Then there are three measures related to tax shelters. The first measure has to do with an amendment to a penalty under existing rules where a person sells an interest in a tax shelter that is not registered, or the person files false information in applying for a tax shelter. Currently where the penalty applies, the penalty is the greater of $500 and 25% of the amount that the tax shelter promoter receives as consideration for the tax shelter investment.
This penalty does not work appropriately in the context of a charitable donation tax shelter, because the benefit of the tax shelter is predicated on the charitable donation receipt that the person who participates in the tax shelter could receive from making a donation to a qualified donee. As a result, this penalty is amended so that where there's a charitable donation tax shelter, the penalty will be the higher of the amount under the existing rules and 25% of the amount that the individual, usually the tax shelter promoter, asserts could be donated to the qualified donee.
This bill also introduces a new penalty with respect to tax shelter promoters where, in an annual information return, all the purchasers of interest in the tax shelter, or amounts paid by individuals in respect of the tax shelter, are not reported, or the promoter of the tax shelter or the person who has to file the return does not respond to a demand to file a return by the CRA.
This penalty will function much like the one I discussed. The penalty will be the greater of 25% of the amount that is consideration received by the tax shelter promoter, or in the case of a charitable donation tax shelter, 25% of the amount that's asserted by the promoter that could be donated to a qualified donee.
As well, this part introduces a measure that would limit the validity of tax shelter identification numbers to one year. Currently, tax shelter identification numbers are valid in perpetuity. As an audit matter, it's difficult for the CRA to know whether a particular tax shelter has not filed a return because they've done no sales and have no requirement to file a return, or they're just failing to file.
The next measure has to do with foreign charitable organizations. Currently, a foreign charitable organization can be registered as a qualified donee if it receives a gift from the Government of Canada and demonstrates to, and registers with, the CRA that in fact it is a charitable organization. What the amendment would do is keep the requirement that there be a gift from the Government of Canada, but also require that the foreign charitable organization is undertaking activities either in response to a disaster in providing urgent humanitarian aid or in doing activities in the national interest of Canada.
The next measure in part 1 has to do with political activities. What this measure would do is provide essentially a look-through rule, so that if a registered charity or registered Canadian amateur athletic association makes a gift to another qualified donee, and the purpose of that gift—or a purpose of that gift—is to have the qualified donee engage in political activities, the amount of that gift will be considered a political activity for the registered charity or RCAAA making the gift.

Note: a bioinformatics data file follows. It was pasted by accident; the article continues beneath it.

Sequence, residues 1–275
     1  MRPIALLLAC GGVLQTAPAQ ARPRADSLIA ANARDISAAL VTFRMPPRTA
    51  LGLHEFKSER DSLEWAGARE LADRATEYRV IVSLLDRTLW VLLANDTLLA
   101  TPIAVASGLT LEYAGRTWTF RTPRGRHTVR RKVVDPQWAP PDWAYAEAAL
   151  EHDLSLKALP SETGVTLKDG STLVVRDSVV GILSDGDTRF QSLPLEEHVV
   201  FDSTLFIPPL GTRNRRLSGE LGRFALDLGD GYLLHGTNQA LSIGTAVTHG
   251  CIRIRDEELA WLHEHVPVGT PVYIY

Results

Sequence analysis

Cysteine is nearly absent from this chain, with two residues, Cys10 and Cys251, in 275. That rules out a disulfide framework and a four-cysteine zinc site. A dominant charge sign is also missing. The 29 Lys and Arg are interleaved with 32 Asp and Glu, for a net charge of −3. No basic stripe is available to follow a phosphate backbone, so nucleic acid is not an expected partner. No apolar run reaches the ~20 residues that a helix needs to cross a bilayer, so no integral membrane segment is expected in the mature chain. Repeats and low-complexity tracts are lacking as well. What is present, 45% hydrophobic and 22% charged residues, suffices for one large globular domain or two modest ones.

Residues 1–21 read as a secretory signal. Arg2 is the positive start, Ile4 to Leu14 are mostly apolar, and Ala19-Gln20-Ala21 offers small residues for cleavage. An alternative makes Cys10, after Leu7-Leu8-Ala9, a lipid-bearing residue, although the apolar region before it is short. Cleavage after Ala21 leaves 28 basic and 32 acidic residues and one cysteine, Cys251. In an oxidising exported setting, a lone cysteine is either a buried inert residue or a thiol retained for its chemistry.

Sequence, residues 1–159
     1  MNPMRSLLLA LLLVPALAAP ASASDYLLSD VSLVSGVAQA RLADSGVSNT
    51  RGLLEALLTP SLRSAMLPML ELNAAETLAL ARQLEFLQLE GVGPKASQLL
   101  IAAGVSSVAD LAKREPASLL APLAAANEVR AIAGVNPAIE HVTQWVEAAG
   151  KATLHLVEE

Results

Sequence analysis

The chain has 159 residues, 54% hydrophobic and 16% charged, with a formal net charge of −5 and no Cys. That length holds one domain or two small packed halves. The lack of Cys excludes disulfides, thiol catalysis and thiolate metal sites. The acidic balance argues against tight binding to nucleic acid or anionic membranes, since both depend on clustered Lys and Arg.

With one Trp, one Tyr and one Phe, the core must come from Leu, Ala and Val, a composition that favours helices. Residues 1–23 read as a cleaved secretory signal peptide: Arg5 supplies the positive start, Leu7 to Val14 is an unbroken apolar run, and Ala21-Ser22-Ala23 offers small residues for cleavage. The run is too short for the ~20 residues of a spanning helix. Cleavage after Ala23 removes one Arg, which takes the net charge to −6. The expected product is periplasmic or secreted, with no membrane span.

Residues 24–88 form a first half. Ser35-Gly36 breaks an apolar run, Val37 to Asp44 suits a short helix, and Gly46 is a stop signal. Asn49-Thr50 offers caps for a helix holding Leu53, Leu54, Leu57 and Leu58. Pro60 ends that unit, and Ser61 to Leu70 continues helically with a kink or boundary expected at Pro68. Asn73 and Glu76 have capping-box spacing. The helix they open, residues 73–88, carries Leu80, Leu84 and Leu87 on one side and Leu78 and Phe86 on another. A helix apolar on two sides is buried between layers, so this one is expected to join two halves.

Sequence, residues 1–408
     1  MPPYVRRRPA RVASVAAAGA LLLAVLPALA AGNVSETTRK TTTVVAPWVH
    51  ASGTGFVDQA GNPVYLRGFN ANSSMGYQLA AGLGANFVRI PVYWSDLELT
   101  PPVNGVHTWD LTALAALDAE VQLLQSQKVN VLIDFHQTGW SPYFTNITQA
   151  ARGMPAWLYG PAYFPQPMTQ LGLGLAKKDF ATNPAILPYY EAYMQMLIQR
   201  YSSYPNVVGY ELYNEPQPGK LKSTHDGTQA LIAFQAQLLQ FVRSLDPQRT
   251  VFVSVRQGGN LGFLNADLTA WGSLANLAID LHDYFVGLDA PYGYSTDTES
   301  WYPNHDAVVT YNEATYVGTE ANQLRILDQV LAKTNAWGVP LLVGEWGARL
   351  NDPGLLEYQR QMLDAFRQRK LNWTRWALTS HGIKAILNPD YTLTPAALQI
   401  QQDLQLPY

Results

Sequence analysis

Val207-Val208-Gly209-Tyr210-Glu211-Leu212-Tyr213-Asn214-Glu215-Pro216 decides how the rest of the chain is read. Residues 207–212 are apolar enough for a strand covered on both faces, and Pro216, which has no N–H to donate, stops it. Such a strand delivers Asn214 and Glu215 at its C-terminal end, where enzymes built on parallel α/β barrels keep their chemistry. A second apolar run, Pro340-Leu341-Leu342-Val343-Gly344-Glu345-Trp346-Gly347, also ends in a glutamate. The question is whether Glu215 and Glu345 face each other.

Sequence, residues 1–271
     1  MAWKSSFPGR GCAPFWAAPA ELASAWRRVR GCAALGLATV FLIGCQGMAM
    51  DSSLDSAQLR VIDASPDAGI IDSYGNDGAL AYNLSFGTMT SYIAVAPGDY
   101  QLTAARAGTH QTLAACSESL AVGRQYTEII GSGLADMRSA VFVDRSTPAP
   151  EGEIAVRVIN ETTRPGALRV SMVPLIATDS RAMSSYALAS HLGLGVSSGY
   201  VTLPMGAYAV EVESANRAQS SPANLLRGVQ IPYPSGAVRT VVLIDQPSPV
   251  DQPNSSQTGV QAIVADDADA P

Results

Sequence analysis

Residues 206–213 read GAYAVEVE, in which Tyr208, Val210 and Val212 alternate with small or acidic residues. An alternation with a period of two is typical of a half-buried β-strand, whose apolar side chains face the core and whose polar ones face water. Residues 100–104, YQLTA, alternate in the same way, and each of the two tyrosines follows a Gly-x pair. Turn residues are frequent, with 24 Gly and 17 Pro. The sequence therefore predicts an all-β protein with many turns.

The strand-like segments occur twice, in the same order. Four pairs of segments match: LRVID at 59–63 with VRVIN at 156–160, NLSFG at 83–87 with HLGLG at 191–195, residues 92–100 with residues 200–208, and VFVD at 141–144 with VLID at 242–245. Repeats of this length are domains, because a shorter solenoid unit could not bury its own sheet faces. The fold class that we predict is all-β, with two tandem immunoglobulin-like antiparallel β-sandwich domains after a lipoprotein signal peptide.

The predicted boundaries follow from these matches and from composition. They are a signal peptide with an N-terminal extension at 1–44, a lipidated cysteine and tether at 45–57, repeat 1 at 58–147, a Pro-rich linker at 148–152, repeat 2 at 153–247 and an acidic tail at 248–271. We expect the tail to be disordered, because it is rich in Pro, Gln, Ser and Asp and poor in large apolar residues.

As well, part 1 implements two measures with respect to intermediate sanctions. One is to allow the CRA to suspend a charity's tax-receipting privileges for one year if the charity exceeds its limitations on political activities. Secondly, it allows the CRA to suspend the tax-receipting privileges of a charity if it provides inaccurate or incomplete information in its annual information return. The suspension will remain in effect until such time as the charity provides the required information.
There are just three more measures in part 1 that I'll mention quickly. The first one is a consequential amendment that removes certain references to the Canadian Wheat Board from the Income Tax Act.
There's also a measure that.... Currently under the Income Tax Act, when the Canada Revenue Agency issues a demand to file a return, it must either be served personally or by registered mail. The amendment would allow those demands to be sent by online notice or regular mail.
Finally, there's a new provision relating to commercial tax preparers. Commercial “tax preparer” is defined. This provision requires that a commercial tax preparer must file any returns they prepare for consideration electronically, except that in each year they may file up to 10 returns of individuals' personal income tax returns or corporate tax returns “other than by way of electronic filing”. This applies in respect of corporate and personal income tax returns. There's also a penalty where the commercial tax preparer does not do this.
Those are all the measures that are included in part 1.